Tag Archives: Health

Yet another example of unpredicted but devastating impacts from mining…


A flock of birds at night in northern Kazakhstan, where two villages are being evacuated after people began falling asleep at random, even while walking. Photograph: Shamil Zhumatov/Reuters

Mystery of Kazakhstan sleeping sickness solved, says government

More than 140 people in two tiny villages were hit by the illness, with sufferers drifting off for up to six days – now scientists appear to have discovered the cause

Alec Luhn | The Guardian

Scientists have discovered the cause of a strange sleeping sickness affecting residents of two villages in northern Kazakhstan, the government has said.

Since March 2013, the mysterious illness has affected more than 140 people in Kalachi and Krasnogorsk, dusty settlements in the huge Kazakh steppe, with a total population of 810 people, mostly ethnic Russians and Germans. Villagers would fall asleep suddenly, even while walking, and wake up with memory loss, grogginess, weakness and headaches. Some fell victim more than half a dozen times, with sufferers sleeping for up to six days at a time.

“The sick person appears to be conscious and can even walk. But all the same he then falls into a deep sleep and snores, and when they wake him up … the person remembers absolutely nothing,” the newspaper Komsomolskaya Pravda reported after a 2014 investigation.

The sickness would affect both old and young, with children dropping off at school. Some reported nightmarish hallucinations: local children Rudolf Boyarinos and Misha Plyukhin told Komsomolskaya Pravda they had seen winged horses, snakes in their beds and worms eating their hands.

Even pets were not immune. Kalachi resident Yelena Zhavoronkova told the newspaper Vremya that her cat Marquis suddenly “went stupid” on a Friday night and began meowing and attacking walls, furniture and the family dog.

“He fell asleep toward morning and snored like a human until lunchtime on Saturday. He didn’t react to anything, not even cat food,” Zhavoronkova said.

Doctors tested Marquis and other sufferers, but the mysterious illness defied all explanation. At first they thought the patients were suffering the after-effects of counterfeit vodka, but as the epidemic grew they began diagnosing people with “encephalopathy of an unknown origin”, a generic term for brain illnesses, Interfax reported.

Many suspected the nearby uranium mines that were closed after the fall of the Soviet Union, leaving Krasnogorsk a ghost town with only 130 of its former 6,500 residents. Kazakhstan’s health ministry tested more than 7,000 nearby homes but didn’t find significantly high levels of radiation or of heavy metals and their salts. It detected raised radium levels in some homes, but it was not enough to explain the phenomenon.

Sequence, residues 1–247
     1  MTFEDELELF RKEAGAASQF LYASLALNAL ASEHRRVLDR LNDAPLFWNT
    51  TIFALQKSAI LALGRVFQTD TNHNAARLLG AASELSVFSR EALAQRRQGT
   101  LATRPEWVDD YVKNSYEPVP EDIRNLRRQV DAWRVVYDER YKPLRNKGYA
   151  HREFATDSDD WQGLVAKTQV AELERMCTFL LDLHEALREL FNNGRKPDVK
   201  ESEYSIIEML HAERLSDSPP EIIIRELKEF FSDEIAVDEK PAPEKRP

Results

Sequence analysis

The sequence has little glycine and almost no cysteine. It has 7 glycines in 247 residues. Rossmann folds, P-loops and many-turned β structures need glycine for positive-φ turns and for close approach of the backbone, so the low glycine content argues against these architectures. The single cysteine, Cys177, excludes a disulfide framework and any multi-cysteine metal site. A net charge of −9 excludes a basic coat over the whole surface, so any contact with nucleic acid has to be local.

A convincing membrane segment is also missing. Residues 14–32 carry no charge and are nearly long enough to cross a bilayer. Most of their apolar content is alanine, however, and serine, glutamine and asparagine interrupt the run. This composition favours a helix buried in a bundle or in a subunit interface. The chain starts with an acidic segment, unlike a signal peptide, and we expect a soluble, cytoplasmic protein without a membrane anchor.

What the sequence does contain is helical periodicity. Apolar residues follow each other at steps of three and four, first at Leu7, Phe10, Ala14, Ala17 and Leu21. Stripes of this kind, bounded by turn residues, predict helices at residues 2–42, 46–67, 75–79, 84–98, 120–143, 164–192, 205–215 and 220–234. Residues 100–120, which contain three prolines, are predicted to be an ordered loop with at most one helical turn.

Even sleep disorder experts could not find a cause. One somnologist told Komsomolskaya Pravda in 2014 that the two isolated villages were most likely suffering from a case of mass psychosis similar to the “Bin Laden itch”, a psychosomatic rash that afflicted children in the US as fears of terrorist attacks peaked in 2002.

Now the mystery has at last been solved and the cause does indeed lie in the uranium mines, said Kazakhstan’s deputy PM, Berdibek Saparbaev. After analysing the results of medical examinations of all the residents, researchers concluded that it was caused by heightened levels of carbon monoxide and hydrocarbons in the air.

“The uranium mines were closed at some point, and at times a concentration of carbon monoxide occurs there,” Saparbaev said. “The oxygen in the air is reduced accordingly, which is the real reason for the sleeping sickness in these villages.”

Evacuation of the two villages has begun, with authorities reportedly relocating 68 of 223 families so far.

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Alluvial gold mining a concern

Aloysius Laukai | New Dawn

ABG President Chief John Momis says that thousands of Bougainvillians are into alluvial mining which could be either good and bad.

Speaking at the ABG House let week, President Momis named places that they are currently panning gold.

They are in Central Bougainville,Pakia,Kupei,Panguna, Moroni,Kitano, Kawerong River, Atamo, Karato, Loloho, Kongara and Paruparu.

In South Bougainville,President Momis names places like, Wisai, Deuro Jaba river and Torokina.

And in North Bougainville he mentioned Tinputz ,

Cheif Momis said small scale is giving significant income to many Bougainvilleans, but can also cause, land issues, enviromental distructions, damage to infrastures, health problems due to the excessive use of highly toxic mercury in processing Gold and also the safety of miners can be compromised as mines collapse killing miners.